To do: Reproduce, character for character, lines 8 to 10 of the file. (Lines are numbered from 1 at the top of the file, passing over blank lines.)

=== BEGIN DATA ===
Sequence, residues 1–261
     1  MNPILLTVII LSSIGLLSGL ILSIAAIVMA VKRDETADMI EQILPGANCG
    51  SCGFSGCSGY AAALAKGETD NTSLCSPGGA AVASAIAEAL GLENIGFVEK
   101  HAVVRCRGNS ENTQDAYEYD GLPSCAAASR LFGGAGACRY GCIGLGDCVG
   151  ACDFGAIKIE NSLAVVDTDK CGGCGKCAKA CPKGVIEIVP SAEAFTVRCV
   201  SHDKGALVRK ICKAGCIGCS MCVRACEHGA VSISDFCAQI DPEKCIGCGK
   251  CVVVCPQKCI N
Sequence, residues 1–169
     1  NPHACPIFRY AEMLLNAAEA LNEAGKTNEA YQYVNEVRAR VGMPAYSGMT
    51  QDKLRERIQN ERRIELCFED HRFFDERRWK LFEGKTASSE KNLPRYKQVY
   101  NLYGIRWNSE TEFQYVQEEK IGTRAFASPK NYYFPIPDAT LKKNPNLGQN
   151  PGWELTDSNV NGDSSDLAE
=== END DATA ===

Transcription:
Sequence, residues 1–169
     1  NPHACPIFRY AEMLLNAAEA LNEAGKTNEA YQYVNEVRAR VGMPAYSGMT
    51  QDKLRERIQN ERRIELCFED HRFFDERRWK LFEGKTASSE KNLPRYKQVY